Baltimore Orioles: Tyler Wilson hurt by first pitch fastballs
Tyler Wilson probably threw too many strikes for the Baltimore Orioles last night, and on first pitches at that. New York hitters took advantage.
Tyler Wilson and his fellow Baltimore Orioles pithers know that part of their job is deception. Heck, that’s part of the job description of any pitcher at any level. You can throw the greatest fastball of all time, but if hitters know it’s coming eventually they’ll adjust and start to put it in play.
And that’s part of what happened in last night’s game against New York, as Wilson threw far too many first pitch fastballs, and New York hitters were waiting for them. With a few exceptions, these aren’t the Bronx Bombers of old, however. ARod can still obviously put the ball out of the ballpark, but with a pitcher being as predictable as Wilson was last night…NY teams of years ago would have put up 15 runs. Wilson’s line: 4.0 IP, 7 H, 5 R, 0 BB, 1 K.
New York hitters thrived on seeing-eye singles, and almost Kansas City-like luck in terms of bloopers falling just out of the reach of fielders. But baseball is a game of inches at times, and it was typified by this game. You can look at Wilson’s stat line and see that he was throwing strikes (too many if anything) – and that they were being put in play. If those balls don’t find the holes that they did, it’s not an issue. But this is part of baseball, which as we know is a game based on failure.
New York took a 1-0 lead on Romine’s sac fly-RBI in the third inning, however it was the fourth in which they did their big damage. Castro’s RBI-double gave them a 2-0 lead, which was followed by an RBI-groundout by Gregorious to run it to 3-0. Tack on Refsnyder’s RBI-double and Romine’s RBI-single, and the Birds were suddenly down 5-0.
Of course the pressure was kept on an inning later when Castro ran the score to 6-0 with an RBI-single. In the sixth New York pulled off a play that generall only works in little league, but since everything was working for them to that point they probably figured why not. They pulled off a double-steal, with Ellsbury successfully stealing home plate, and running the score to 7-0.
However the good news for the Birds is that they battled back. In fact, they almost took control of the game. Granted it was too little too late, but you can’t totally keep these O’s down. They are in fact a better team than the current New York Yankees, and regardless of for whom anyone follows that’s a fact.
Mark Trumbo got the O’s on the board in the last of the seventh with a solo home run, which was followed by Wieters of all people legging out an infield single. (As a guy who similar to Wieters runs like the “Queen Mary,” I can’t imagine myself doing that – but he did!) That brought Pedro Alvarez to the plate and he smacked a two-run homer, cutting the lead to 7-3.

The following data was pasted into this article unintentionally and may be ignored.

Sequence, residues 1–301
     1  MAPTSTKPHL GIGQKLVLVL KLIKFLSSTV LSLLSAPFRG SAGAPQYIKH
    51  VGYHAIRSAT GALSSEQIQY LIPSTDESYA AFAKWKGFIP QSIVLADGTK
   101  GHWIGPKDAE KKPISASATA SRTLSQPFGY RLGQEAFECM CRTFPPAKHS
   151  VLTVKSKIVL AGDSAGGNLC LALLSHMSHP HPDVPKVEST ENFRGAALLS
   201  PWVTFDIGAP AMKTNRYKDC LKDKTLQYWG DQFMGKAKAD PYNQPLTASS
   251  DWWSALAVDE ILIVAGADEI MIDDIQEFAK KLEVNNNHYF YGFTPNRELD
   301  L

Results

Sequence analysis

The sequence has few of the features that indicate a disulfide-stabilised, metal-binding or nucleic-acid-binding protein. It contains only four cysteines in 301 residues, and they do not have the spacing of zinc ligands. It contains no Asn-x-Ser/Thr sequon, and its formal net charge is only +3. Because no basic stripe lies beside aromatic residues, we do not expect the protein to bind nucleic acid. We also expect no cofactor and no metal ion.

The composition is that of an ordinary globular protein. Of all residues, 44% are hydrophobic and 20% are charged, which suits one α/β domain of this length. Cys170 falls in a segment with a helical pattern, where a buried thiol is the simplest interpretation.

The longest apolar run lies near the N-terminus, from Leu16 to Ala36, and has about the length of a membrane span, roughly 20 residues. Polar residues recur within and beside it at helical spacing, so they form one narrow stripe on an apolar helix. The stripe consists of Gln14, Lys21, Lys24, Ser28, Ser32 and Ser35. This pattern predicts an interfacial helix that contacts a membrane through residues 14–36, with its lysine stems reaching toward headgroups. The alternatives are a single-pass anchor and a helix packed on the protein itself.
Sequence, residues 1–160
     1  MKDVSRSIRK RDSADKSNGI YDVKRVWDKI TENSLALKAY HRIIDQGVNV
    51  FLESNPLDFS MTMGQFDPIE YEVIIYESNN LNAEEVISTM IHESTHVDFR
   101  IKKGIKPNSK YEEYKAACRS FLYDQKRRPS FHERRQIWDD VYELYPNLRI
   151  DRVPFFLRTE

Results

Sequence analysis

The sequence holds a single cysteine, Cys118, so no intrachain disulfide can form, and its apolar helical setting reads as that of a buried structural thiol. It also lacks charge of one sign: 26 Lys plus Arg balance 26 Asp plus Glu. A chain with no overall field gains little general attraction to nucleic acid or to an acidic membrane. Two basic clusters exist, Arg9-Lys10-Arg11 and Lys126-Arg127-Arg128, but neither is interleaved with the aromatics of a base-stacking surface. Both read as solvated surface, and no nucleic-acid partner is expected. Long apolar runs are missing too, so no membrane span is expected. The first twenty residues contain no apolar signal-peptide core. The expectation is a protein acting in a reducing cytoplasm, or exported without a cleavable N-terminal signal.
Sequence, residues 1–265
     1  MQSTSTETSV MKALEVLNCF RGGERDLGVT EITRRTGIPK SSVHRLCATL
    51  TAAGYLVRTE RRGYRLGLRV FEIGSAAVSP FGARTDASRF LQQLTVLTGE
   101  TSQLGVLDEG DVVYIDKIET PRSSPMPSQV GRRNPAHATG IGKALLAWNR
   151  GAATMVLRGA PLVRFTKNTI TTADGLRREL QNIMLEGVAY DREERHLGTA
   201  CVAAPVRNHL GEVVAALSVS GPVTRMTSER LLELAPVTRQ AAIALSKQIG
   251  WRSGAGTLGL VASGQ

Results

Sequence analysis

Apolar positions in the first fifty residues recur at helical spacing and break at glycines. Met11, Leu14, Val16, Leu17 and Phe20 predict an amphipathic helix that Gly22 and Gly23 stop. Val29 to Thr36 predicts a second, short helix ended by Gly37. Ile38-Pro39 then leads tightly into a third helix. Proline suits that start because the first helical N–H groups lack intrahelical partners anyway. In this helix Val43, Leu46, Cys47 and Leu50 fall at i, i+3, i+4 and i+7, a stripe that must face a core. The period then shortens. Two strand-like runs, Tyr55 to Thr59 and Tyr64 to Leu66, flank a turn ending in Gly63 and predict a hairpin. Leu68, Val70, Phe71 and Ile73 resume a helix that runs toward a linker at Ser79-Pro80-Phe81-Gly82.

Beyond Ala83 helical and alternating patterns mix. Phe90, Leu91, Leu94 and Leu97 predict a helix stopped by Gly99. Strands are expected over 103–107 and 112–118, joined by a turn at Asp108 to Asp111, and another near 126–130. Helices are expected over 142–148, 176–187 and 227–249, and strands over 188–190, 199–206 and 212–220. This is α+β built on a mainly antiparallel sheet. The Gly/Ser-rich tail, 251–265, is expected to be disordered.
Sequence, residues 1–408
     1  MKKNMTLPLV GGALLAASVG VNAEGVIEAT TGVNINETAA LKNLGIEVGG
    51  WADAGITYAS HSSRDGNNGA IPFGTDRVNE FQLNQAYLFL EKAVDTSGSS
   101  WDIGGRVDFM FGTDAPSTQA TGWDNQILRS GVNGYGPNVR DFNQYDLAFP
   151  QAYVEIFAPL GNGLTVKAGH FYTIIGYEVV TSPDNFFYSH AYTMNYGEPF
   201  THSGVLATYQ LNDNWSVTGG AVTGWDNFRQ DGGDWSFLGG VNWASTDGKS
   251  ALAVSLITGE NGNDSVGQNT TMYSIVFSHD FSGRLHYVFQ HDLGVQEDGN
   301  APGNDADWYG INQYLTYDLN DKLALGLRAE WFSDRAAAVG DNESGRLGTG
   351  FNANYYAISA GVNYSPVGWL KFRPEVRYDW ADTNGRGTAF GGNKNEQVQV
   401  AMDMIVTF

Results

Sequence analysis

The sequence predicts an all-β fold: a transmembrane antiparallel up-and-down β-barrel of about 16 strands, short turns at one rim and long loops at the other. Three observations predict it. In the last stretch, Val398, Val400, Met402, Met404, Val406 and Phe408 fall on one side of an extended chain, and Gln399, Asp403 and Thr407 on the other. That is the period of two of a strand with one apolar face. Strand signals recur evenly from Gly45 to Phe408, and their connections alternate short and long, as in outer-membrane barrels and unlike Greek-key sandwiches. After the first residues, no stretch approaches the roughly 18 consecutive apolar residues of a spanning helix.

The O’s caught NY’s Nova just as he was starting to tire, as he had been great to that point. But New York couldn’t get a reliever ready in time, and still with nobody out in the inning Adam Jones came to the plate with two on. And Jones did what Jones does, hitting a three-run home run that put the O’s right back in the swing of things at 7-6. However New York’s bullpen is solid as we know, and they shut the Birds down for the remainder of the game. ARod would add an RBI-single in the ninth, and the O’s fell 8-6.
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Jones’ three-run homer also put him in an elite category. It was his 370th RBI, which passes the great Cal Ripken Jr. for the most RBI in the history of Camden Yards (Ripken’s mark was 368). Mind you that Ripken also played the first half of his career at Memorial Stadium, but until last night he held that mark. While Jones might have slightly more power, I’ve always felt that the two were very similar hitters in terms of where they put the ball and so forth.
When told of the new record after the game, Jones was predictably humble about it, and he gave credit to those around him (quote courtesy of Steve Melewski, MASNsports):
"I think that is pretty cool. Means I’ve been around here a little bit and have been fortunate to be healthy and play with some really good players over the years. It is a team thing. It is not like I hit home runs to always drive myself in."
However at the end of the day, it’s a loss for the Birds. Boston reclaimed first place by virtue of their win yesterday afternoon, however again it’s a long season. The key for the O’s is to take the series, against a NY team which as I said above is inferior to them for all intents and purposes. Sweeping someone is tough, so the goal is to take two-of-three in all of these series’.
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And the O’s will have the chance to do just that later this afternoon in the series finale. Kevin Gausman will be on the bump for the Orioles, and he’ll be opposed by NY’s C.C. Sabathia. Game time is set for just after 1:30 PM.